Virginia Statewide Ballot Issues, 2004

Virginia Constitutional Amendment #1: Apportionment

There is a bizarre loophole in the Virginia Constitution regarding the reapportionment of U.S. House of Representatives, Virginia Senate, and Virginia House of Delegates districts (which occurs every 10 years following the Census). If a member of any of those legislative bodies leaves office (due to death, resignation, etc.) before his/her term is up but after reapportionment, their replacement can be (and in some cases has been) selected by special election from the newly redrawn district.

What that means is that in those rare circumstances, certain parts of the state might be unrepresented and/or parts of the state might have two concurrent representatives. The proposed amendment corrects this oversight by stipulating that replacement legislators must be selected from the same district as that from which the seat was originally filled.

I endorse a YES vote on the apportionment amendment because newly apportioned districts should all take effect at the same time, thus ensuring fair and equal representation. While the equal protection clause of the U.S. Constitution would seem to supersede this state-level weirdness, I’m always in favor of laws that say what they really mean.

Virginia Constitutional Amendment #2: Gubernatorial Succession

In the event of the governor’s death, resignation, or incapacitation, the Virginia Constitution provides that the lieutenant governor shall become the governor, followed by the attorney general and the Speaker of the House of Delegates. If none of these people can serve as Governor, or if there is no Speaker of the House, or if the Speaker of the House is ineligible to be Governor, then the House of Delegates is supposed to meet and elect a person to the position.

The proposed amendment allows for the Speaker of the House of Delegates, the Speaker’s designate by House rules, the president pro tempore of the Senate, and the majority leader of the Senate (in that order) to serve as Acting Governor in the event of a state emergency or enemy attack until the House of Delegates can meet to pick a more-permanent Governor. It also gives the state authority to provide for a waiver of the eligibility requirements.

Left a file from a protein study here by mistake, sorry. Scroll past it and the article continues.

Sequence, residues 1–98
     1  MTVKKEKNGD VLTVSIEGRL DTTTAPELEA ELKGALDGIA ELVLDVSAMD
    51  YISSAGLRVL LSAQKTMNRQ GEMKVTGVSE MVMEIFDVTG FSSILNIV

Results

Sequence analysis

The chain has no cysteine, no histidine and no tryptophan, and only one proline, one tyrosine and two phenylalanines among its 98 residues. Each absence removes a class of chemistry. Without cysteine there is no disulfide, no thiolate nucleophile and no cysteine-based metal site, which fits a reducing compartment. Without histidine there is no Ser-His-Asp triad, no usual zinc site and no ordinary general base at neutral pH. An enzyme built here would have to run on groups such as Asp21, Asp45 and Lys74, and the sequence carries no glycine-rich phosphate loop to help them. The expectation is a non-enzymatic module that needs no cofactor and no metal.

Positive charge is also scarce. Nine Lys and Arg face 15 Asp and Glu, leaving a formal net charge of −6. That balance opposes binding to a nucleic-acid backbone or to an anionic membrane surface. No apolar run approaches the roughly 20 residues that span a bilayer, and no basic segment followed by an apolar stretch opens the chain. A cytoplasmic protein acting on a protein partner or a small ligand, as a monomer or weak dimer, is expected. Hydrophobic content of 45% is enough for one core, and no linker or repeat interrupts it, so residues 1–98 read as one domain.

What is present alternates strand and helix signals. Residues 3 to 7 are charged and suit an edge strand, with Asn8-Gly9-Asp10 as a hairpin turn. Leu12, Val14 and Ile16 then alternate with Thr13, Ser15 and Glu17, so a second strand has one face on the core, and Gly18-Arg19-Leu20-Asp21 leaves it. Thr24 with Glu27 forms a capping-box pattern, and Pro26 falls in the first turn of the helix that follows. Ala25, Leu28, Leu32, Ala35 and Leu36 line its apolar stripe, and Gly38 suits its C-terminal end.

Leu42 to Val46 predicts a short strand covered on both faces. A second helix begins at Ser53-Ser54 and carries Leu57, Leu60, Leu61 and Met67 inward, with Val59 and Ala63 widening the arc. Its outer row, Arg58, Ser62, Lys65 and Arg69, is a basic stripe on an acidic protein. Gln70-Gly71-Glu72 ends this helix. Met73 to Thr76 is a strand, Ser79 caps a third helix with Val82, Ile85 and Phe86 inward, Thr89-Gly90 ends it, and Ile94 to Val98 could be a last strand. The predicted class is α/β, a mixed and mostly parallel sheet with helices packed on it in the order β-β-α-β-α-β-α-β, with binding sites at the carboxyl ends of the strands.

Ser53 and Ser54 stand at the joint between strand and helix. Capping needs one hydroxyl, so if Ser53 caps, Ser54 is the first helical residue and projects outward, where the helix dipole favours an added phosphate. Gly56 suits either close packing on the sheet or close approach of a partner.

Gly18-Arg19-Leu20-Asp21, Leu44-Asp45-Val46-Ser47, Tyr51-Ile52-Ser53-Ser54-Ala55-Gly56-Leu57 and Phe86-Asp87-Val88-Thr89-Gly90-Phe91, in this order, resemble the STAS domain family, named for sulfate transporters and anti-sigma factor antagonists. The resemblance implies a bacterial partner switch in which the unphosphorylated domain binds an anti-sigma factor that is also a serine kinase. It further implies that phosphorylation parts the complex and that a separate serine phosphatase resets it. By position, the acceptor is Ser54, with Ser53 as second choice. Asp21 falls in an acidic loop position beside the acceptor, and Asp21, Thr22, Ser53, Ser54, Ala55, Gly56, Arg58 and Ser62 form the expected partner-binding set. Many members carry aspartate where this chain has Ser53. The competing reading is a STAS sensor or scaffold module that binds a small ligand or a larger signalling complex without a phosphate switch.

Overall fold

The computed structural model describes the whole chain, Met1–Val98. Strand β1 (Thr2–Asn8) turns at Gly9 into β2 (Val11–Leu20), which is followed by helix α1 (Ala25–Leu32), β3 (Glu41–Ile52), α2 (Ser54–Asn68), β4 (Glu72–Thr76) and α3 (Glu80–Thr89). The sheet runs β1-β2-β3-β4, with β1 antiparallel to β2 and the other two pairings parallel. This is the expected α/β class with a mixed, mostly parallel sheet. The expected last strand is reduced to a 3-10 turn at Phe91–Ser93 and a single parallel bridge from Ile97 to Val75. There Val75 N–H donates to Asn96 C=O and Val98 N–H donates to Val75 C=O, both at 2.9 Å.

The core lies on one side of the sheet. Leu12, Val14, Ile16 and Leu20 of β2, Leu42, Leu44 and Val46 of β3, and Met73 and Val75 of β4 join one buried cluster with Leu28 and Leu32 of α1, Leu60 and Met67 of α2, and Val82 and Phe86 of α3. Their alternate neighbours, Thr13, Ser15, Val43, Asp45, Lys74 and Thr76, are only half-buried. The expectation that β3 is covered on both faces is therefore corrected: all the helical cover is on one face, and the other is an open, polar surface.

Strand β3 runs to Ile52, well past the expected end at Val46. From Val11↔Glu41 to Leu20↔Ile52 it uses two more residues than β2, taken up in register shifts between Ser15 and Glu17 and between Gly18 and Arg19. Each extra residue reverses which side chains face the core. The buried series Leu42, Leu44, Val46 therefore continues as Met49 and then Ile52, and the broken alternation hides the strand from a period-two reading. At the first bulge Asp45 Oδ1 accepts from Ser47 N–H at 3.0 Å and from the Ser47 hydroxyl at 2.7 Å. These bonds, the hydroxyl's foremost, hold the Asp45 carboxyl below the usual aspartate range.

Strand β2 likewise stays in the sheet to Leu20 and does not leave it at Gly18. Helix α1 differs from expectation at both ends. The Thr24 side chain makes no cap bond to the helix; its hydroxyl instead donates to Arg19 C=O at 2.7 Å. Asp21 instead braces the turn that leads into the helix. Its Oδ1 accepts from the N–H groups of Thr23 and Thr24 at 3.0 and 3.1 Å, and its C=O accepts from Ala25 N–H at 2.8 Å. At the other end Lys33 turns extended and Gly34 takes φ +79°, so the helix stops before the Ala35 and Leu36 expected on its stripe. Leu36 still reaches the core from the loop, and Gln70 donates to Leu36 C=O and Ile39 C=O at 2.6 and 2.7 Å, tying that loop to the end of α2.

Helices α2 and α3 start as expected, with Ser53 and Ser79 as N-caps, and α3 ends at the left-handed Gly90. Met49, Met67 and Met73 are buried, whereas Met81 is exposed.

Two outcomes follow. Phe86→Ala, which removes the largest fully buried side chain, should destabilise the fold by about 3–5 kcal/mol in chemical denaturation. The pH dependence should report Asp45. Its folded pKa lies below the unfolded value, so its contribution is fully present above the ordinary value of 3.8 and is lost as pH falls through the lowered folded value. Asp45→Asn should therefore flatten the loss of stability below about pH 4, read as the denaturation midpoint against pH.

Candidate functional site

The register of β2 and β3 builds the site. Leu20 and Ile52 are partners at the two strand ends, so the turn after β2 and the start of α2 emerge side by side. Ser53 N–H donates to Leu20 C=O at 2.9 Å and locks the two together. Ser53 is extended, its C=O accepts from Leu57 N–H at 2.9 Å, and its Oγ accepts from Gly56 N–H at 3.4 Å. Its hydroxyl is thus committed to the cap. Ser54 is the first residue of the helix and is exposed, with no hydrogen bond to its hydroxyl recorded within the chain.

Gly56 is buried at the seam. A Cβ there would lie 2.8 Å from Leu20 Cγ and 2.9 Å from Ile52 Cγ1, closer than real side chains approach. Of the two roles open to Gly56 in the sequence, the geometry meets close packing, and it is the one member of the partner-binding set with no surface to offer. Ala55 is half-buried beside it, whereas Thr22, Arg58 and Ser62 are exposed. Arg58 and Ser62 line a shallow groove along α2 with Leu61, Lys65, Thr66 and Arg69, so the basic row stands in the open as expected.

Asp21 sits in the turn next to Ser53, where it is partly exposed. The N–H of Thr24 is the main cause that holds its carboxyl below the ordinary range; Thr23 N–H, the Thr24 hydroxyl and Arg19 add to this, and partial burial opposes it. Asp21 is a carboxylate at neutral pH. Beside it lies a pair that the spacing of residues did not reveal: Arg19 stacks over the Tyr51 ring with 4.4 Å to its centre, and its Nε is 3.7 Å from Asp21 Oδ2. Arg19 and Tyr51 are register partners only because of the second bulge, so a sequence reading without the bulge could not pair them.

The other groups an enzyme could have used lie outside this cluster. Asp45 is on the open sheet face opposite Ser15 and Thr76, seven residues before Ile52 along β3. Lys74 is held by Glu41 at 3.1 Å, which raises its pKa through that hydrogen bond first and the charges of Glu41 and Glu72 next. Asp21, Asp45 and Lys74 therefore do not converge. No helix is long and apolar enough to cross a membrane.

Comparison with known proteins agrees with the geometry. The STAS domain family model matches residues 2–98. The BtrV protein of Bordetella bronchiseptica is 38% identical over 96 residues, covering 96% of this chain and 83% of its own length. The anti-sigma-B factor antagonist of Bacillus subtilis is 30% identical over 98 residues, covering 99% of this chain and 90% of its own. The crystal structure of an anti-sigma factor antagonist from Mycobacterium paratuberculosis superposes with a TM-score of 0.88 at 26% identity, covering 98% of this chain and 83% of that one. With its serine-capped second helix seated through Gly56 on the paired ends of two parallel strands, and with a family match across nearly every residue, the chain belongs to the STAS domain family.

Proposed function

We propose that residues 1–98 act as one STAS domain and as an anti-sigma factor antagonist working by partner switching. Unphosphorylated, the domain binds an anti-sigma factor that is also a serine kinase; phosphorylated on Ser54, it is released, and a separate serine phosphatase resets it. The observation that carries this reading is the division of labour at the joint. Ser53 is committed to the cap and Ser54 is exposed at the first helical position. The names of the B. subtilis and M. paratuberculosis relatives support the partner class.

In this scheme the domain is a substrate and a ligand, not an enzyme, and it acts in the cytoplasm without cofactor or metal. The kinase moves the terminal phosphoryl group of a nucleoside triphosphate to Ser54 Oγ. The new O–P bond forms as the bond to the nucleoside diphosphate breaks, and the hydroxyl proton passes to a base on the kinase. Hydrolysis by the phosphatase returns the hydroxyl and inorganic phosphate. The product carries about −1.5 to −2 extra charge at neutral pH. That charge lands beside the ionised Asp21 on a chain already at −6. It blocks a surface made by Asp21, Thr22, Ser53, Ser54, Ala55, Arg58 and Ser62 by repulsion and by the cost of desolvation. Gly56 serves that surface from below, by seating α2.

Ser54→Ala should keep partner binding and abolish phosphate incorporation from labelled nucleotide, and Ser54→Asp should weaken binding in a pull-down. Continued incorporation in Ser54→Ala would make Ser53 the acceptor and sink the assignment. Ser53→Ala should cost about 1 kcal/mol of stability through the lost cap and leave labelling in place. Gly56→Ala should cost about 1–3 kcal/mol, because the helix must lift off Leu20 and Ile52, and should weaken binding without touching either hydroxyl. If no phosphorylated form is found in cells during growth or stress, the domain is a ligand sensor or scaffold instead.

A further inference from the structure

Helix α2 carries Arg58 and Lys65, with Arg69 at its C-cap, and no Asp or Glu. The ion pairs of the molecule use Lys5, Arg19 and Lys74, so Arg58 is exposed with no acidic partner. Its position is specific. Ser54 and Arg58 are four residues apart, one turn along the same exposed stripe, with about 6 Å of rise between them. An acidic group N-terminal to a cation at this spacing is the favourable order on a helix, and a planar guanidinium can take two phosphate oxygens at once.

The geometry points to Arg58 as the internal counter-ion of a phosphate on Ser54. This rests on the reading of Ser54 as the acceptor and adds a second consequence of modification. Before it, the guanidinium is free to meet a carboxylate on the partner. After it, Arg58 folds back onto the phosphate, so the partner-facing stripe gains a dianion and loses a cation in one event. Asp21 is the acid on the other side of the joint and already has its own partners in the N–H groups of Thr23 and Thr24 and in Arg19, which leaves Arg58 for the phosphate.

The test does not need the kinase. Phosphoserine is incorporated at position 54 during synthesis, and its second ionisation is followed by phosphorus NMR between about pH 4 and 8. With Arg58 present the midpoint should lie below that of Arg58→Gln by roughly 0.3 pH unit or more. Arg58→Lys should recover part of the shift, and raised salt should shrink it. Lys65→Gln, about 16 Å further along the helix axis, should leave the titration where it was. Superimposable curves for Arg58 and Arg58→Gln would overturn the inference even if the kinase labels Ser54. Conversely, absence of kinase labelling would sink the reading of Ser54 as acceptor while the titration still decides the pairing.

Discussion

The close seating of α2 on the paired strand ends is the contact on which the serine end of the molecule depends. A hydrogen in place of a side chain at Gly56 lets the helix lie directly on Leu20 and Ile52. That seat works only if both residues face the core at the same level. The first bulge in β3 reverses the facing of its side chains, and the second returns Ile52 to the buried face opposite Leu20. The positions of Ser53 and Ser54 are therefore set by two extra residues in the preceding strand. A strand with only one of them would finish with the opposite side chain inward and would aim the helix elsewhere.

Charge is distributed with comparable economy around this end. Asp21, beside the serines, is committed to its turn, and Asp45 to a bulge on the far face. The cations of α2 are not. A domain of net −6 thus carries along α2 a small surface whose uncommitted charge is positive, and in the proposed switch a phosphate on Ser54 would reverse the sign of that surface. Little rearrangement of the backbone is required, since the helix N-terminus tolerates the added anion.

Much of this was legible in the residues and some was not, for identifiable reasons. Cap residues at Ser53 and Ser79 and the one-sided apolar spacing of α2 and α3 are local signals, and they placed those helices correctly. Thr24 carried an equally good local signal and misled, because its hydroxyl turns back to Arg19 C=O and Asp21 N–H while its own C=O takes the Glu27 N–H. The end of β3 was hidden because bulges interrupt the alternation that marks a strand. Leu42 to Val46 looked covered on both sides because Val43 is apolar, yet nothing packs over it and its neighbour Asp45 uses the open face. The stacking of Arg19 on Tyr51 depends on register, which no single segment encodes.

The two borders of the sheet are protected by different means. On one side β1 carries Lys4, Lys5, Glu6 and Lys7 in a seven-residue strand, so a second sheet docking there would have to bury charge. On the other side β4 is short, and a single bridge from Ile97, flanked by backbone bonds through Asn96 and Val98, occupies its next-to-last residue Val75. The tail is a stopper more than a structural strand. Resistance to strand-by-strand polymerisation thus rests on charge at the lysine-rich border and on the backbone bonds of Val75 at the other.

This amendment is particularly important because, under the current system, a power vacuum could form in the event of a catastrophic disaster or terrorist attack on Richmond. I endorse a YES vote on the succession amendment because it provides for the continuation of important government functions and a clear line of authority in the midst of a state emergency.

(Click for more information about the above two proposals [no longer available])

Scott Bradford has been putting his opinions on his website since 1995—before most people knew what a website was. He has been a professional web developer in the public- and private-sector for over twenty years. He is an independent constitutional conservative who believes in human rights and limited government, and a Catholic Christian whose beliefs are summarized in the Nicene Creed. He holds a bachelor’s degree in Public Administration from George Mason University. He loves Pink Floyd and can play the bass guitar . . . sort-of. He’s a husband, pet lover, amateur radio operator, and classic AMC/Jeep enthusiast.